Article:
Vigil held at UNF to honor victims of Parkland shooting

Alexandra Torres-Perez, Managing Editor

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17 candles representing 17 lives. Lives taken too soon after a former student entered Marjory Stoneman Douglas High School and opened fire on Feb. 14. UNF students and faculty gathered at the Peace Plaza on Feb. 21 to honor the lives that were lost during the school shooting.

“I feel like I’ve come to too many of these in the past year,” Associate Director of the UNF Counseling Center Michael Malec said. “Yet, I always feel better leaving than when I first came in.”

The Department of Diversity Initiatives had several guest speakers talk to those who attended the vigil. Each speaker stood in the middle of the arc of 17 candles as they spoke on a different matter. A graduate student read off the names of all 17 victims. UPD Chief Frank Mackesy spoke on violence and how he will work to keep students safe on campus. Senior Director of the Women’s Center Sheila Spivey spoke on the resources available to students.

Junior UNF student Troy Capers sent a powerful message that brought several students to tears. His goal—to have students leave with hope.

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Students gathered to honor the 17 victims of the Parkland school shooting. Photo by Alex Torres-Perez

“In the last two years, I’ve been asked to give a hopeful message within a circle of candles at least three times, and I know there are people out there tonight where some of you have heard more than three rounds of thoughts and prayers,” Capers said to the students. “We need the hope that transcends time. Hope that changes minds. Hope that touches hearts. Hope that changes nations. Hope that defines generations.”

After the vigil was over, the crowd dispersed, but a small group of students who went to Stoneman Douglas High stuck around talking about their high school memories and the memories they had with some of the victims of the shooting. These students also spoke on the actions they want to see done to prevent more people from being killed.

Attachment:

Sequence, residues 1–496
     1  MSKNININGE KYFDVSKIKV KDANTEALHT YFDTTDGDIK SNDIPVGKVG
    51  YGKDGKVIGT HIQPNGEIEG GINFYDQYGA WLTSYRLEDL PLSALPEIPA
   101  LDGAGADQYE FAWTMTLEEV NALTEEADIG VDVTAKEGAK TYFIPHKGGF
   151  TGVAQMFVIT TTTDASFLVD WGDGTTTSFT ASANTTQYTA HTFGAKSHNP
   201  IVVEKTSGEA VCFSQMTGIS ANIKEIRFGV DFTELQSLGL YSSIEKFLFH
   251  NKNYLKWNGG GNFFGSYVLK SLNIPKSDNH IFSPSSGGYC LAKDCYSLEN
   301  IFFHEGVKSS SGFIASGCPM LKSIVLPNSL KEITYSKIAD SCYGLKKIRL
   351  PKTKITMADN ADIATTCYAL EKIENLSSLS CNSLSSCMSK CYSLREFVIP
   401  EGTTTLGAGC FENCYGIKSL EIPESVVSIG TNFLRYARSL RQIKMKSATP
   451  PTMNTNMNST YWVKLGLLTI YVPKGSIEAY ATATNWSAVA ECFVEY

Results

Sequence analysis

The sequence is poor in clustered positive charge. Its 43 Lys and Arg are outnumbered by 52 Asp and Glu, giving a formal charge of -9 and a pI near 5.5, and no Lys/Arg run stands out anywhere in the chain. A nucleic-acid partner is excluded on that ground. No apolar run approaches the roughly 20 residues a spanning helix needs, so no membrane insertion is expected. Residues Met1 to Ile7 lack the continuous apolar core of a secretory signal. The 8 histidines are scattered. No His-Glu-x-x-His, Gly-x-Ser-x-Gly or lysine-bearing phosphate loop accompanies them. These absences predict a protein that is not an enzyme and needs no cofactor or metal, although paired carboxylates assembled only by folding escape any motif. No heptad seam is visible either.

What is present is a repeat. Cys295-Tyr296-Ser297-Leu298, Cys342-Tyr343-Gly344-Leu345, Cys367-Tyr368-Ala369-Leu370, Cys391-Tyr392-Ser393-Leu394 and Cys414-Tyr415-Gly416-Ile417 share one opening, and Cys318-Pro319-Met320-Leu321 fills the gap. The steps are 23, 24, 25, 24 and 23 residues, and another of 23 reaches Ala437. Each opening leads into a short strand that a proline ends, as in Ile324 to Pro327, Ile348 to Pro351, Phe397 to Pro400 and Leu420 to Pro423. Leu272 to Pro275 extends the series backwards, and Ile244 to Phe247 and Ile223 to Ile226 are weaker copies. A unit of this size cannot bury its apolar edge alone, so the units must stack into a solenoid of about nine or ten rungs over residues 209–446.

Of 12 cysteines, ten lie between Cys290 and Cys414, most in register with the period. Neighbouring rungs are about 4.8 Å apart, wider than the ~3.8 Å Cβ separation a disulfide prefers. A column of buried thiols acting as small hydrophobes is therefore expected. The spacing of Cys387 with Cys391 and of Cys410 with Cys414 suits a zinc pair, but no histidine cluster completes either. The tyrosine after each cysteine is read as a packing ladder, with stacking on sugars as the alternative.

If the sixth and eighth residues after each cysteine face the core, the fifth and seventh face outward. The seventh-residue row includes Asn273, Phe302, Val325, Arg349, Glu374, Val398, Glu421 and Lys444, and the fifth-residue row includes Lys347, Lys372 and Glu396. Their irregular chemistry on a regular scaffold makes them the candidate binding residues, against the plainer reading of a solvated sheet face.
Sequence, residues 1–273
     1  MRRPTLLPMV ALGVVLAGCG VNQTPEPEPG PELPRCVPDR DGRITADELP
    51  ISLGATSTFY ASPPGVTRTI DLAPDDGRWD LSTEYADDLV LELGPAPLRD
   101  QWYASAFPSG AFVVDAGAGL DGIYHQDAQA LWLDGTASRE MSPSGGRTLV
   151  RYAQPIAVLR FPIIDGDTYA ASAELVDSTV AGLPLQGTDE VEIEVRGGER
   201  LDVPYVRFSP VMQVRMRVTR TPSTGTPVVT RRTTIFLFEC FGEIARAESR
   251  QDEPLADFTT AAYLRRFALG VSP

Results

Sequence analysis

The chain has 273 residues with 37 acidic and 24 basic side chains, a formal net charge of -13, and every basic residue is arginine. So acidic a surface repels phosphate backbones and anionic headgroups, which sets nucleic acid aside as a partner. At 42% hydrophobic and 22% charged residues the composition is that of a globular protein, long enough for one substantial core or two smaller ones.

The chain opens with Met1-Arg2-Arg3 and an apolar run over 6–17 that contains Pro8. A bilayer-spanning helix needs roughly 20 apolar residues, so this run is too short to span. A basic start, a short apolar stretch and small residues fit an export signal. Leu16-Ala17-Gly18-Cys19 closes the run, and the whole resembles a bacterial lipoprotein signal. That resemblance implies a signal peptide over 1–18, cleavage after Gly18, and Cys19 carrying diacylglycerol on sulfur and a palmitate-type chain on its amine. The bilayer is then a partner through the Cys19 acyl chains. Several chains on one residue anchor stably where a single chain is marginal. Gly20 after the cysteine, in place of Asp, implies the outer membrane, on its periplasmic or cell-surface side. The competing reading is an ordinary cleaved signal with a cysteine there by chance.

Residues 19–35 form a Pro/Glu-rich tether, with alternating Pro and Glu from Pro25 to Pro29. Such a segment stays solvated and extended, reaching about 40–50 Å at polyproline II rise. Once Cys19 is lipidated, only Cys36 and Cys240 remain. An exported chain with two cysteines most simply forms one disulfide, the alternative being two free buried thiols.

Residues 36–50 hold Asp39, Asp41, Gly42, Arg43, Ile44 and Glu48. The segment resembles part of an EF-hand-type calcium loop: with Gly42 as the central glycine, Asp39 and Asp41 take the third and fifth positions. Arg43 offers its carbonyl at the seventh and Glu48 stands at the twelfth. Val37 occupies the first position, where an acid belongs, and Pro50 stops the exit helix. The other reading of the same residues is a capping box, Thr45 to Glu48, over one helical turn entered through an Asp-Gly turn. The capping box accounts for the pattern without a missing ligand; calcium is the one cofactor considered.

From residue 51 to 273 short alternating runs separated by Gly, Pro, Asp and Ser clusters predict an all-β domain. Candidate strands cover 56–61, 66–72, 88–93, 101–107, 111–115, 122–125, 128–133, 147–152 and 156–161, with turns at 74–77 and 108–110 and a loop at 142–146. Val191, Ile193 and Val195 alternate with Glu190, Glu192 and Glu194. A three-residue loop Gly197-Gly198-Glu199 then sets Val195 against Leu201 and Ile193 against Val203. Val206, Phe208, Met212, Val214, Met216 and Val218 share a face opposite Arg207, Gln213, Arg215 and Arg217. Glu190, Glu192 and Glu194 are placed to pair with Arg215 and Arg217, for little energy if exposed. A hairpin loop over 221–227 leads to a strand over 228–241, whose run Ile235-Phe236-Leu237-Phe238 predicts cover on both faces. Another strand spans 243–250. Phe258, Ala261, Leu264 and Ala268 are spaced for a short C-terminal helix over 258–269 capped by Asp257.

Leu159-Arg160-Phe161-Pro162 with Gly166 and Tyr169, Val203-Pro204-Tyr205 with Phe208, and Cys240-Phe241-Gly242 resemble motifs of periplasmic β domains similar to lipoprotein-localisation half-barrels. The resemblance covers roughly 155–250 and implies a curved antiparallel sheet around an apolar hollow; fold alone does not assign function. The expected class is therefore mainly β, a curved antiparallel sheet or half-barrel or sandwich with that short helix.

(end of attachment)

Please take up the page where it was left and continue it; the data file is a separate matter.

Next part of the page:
“I want to see change,” freshman Sam Hauer said. “Enough is enough. I graduated from Stoneman Douglas last year, and going home for the weekend and seeing my town so upset. So torn apart, but I’ve never seen such passion in people. They are going to change this world, and we just got to give them support.”

A group of over 100 students from Stoneman Douglas High traveled to Tallahassee on Feb. 21 to protest. They hoped to send Florida lawmakers the message to change the state’s gun laws. The students who currently attend UNF also want to see some sort of change to prevent this from happening again.

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Several students from Stoneman Douglas High School went to Tallahassee to demand change. Photo by Alex Torres-Perez

“The action that I want is compromise,” sophomore Jared Rubin said. “People can take money from whoever they want. They can stick to their beliefs all they want, but that’s not going to get anything done. I think there needs to be compromise. I grew up in a very gun-friendly household. I have a video on my social media of me shooting an AR-15. It’s a lot of fun to shoot, but I don’t need it in my life.”

However, it is not only those students from Stoneman Douglas High that want change. Thousands met up with the students in Tallahassee wanting the same kind of change, and even students at UNF that have no relation to those who attended Stoneman Douglas High want to help out.

“At UNF, I think we have the same kind of values,” Rubin said. “We are all here together. We’re going to support each other, and we want this to never happen again.”

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